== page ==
screen shot of story mapMost people like to look at maps. How many times have you looked at a map just to figure out where you’re going, and then become distracted by towns, rivers and mountains off to the side? And in this day and age, maps—including satellite imagery—are all around us, on our phones and in our cars. This past year, Extension faculty at UConn’s Center for Land Use Education and Research (CLEAR) have concentrated on using maps in a new way—and done so well that they’ve won an international award for their efforts.

CLEAR’s Extension faculty has long used maps to educate land use decision makers and the public about Connecticut’s landscape and natural resources. The foundational research and Extension project of CLEAR is called Connecticut’s Changing Landscape (CCL), which uses remotely sensed imagery to measure changes to our landscape over time. Currently, the project covers the 25-year period from 1985 to 2010 (a 2015 update is underway). The landscape is characterized into land cover classes, which denote what the satellite imagery actually sees on the ground; for instance, development, turf, agricultural field, and forest.

The CCL website created by Extension faculty has graphs and data tables, but most of the website is devoted to maps, making them easily accessible and available for the user in a number of formats, from the static to the highly interactive. Recently, though, new technology has upped the ante on the term “highly interactive.” Mapping technology industry leader Esri Corporation has created a web format called “Story Maps.” Story Maps allow the developer to combine interactive map windows with explanatory text, photos, videos, and just about any other type of information that can be put on the web. This has proved ideal for many CLEAR projects, especially CCL. The project’s complex combinations of land cover categories, time intervals, derivatives and different scales (from statewide to town to watershed to local) can be confusing, and a Story Map format allows the creators to, quite literally, tell the story of in what way, how much, and where our landscape is changing. For instance, the figure shows a screen capture from the “Turf and Grass” page of the Story Map, showing the map on the left and text and graphics on the right. The map is “live” and interactive and the user can pan, zoom, and click on various features for more information.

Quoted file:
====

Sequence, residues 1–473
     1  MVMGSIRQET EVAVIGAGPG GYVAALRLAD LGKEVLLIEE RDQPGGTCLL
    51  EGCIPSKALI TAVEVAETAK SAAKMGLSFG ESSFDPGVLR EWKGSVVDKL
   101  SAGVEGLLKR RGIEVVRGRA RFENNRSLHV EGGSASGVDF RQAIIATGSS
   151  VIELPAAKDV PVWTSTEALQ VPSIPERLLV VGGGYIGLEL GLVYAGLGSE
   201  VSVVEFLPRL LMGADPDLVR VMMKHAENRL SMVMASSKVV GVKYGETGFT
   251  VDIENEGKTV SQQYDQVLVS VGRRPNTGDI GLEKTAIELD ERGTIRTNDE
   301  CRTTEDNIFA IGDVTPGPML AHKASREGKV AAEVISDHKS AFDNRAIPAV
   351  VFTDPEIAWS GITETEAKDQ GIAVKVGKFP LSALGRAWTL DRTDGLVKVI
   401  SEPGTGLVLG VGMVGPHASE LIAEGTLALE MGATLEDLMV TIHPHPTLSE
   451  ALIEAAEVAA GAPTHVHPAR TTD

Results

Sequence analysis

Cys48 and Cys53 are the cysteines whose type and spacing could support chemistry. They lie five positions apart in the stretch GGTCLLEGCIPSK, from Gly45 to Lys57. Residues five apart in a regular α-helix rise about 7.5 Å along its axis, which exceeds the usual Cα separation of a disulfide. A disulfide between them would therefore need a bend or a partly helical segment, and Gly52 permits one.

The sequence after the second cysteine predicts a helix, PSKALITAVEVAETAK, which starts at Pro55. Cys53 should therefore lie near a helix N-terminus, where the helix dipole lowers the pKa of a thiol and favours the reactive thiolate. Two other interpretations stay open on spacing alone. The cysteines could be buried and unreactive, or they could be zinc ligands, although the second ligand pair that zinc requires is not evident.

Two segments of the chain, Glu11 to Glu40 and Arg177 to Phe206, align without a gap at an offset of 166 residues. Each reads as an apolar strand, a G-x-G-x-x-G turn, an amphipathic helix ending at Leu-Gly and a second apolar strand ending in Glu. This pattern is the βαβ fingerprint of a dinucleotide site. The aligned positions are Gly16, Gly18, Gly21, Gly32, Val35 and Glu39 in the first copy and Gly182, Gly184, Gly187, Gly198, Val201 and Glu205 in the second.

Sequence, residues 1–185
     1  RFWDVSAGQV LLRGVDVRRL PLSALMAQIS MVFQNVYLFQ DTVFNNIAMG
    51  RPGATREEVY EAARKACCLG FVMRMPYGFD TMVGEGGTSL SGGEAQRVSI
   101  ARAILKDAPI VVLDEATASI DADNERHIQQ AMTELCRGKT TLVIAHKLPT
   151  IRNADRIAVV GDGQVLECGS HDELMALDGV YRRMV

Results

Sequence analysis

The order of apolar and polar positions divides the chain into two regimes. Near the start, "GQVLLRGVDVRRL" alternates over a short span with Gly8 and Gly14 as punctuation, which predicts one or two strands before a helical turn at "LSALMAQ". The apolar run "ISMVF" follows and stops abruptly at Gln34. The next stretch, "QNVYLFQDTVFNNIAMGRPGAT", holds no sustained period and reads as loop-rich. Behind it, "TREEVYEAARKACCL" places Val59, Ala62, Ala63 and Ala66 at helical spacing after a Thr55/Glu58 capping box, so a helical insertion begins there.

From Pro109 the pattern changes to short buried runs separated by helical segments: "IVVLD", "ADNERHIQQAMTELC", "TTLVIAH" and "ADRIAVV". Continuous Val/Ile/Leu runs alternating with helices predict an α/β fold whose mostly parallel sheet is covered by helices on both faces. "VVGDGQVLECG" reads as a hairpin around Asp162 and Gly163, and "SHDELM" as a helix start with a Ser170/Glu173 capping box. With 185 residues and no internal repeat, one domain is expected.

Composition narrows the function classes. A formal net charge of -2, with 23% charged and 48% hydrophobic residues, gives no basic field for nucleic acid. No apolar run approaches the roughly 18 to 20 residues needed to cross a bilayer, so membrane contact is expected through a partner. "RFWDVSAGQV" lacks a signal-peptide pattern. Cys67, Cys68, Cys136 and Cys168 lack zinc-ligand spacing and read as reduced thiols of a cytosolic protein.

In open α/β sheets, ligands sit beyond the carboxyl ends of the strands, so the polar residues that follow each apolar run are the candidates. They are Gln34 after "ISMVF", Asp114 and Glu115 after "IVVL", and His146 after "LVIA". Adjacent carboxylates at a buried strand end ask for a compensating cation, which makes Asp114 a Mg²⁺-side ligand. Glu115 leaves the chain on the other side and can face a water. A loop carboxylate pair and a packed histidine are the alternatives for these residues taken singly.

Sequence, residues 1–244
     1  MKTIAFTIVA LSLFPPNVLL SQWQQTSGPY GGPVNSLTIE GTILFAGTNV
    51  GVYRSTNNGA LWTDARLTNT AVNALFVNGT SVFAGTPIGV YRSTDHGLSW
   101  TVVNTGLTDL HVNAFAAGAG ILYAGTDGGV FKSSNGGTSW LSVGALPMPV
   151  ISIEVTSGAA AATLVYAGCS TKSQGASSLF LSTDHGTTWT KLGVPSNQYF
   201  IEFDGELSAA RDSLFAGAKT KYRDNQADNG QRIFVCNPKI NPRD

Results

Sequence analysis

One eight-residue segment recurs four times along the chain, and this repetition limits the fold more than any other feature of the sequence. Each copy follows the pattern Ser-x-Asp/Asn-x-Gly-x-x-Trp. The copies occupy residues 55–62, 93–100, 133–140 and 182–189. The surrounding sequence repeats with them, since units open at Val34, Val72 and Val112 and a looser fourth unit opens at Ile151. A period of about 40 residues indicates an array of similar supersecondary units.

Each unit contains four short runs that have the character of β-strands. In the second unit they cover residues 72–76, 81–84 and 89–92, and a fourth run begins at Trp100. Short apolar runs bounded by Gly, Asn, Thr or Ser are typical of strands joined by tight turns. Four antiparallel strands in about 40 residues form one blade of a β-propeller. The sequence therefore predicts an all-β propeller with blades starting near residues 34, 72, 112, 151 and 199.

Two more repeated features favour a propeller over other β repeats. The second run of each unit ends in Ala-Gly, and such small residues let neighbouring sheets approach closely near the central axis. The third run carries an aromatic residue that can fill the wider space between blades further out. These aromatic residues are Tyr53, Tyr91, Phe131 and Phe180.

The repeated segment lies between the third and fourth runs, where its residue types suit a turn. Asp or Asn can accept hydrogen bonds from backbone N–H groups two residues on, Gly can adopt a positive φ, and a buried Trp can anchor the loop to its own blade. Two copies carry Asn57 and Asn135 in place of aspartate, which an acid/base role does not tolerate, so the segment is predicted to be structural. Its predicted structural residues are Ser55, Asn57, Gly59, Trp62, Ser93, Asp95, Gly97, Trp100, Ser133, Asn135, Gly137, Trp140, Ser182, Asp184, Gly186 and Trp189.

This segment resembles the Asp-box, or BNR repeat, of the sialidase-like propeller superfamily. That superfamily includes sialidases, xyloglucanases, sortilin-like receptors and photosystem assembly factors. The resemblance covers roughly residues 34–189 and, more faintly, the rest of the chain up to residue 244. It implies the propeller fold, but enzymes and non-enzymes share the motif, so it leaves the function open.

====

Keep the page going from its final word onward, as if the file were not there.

Story Maps are a new and constantly evolving format. In 2015, Esri held an international storytelling with maps contest. Emily Wilson, a Geospatial Technology Extension Educator, decided that the CCL Story Map, called Tracking Land Cover Change in Connecticut, was worthy of an entry due to its unique analysis and display of complex CCL data. Helping her to plan the story, including the component videos, photos and graphics, was Extension Water Quality Educator Chet Arnold, who also serves as CLEAR’s Director of Outreach.

The result: Connecticut’s Changing Landscape Story Map was named the Best Science/Technology/Education Story Map in the 2015 Esri Storytelling with Maps contest—one of only four first place winners from over 400 entries from around the globe. The story map was featured at the Esri User Conference, held each year in San Diego, CA and attracting over 16,000 attendees. Emily presented in two sessions, conducted an on-camera interview and received the award directly from Esri President and Founder Jack Dangermond (photo, page 6).

Since its inception in 2004, the Changing Landscape project has become a valuable resource for the planning and natural resource management sectors of Connecticut, used in a wide variety of ways by academia, state and local government, and nonprofit organizations. With the addition of the Story Map, which has had thousands of individual viewers in just the past 8 months since it was posted, Extension hopes to bring the story of Connecticut’s Changing Landscape to an even broader audience.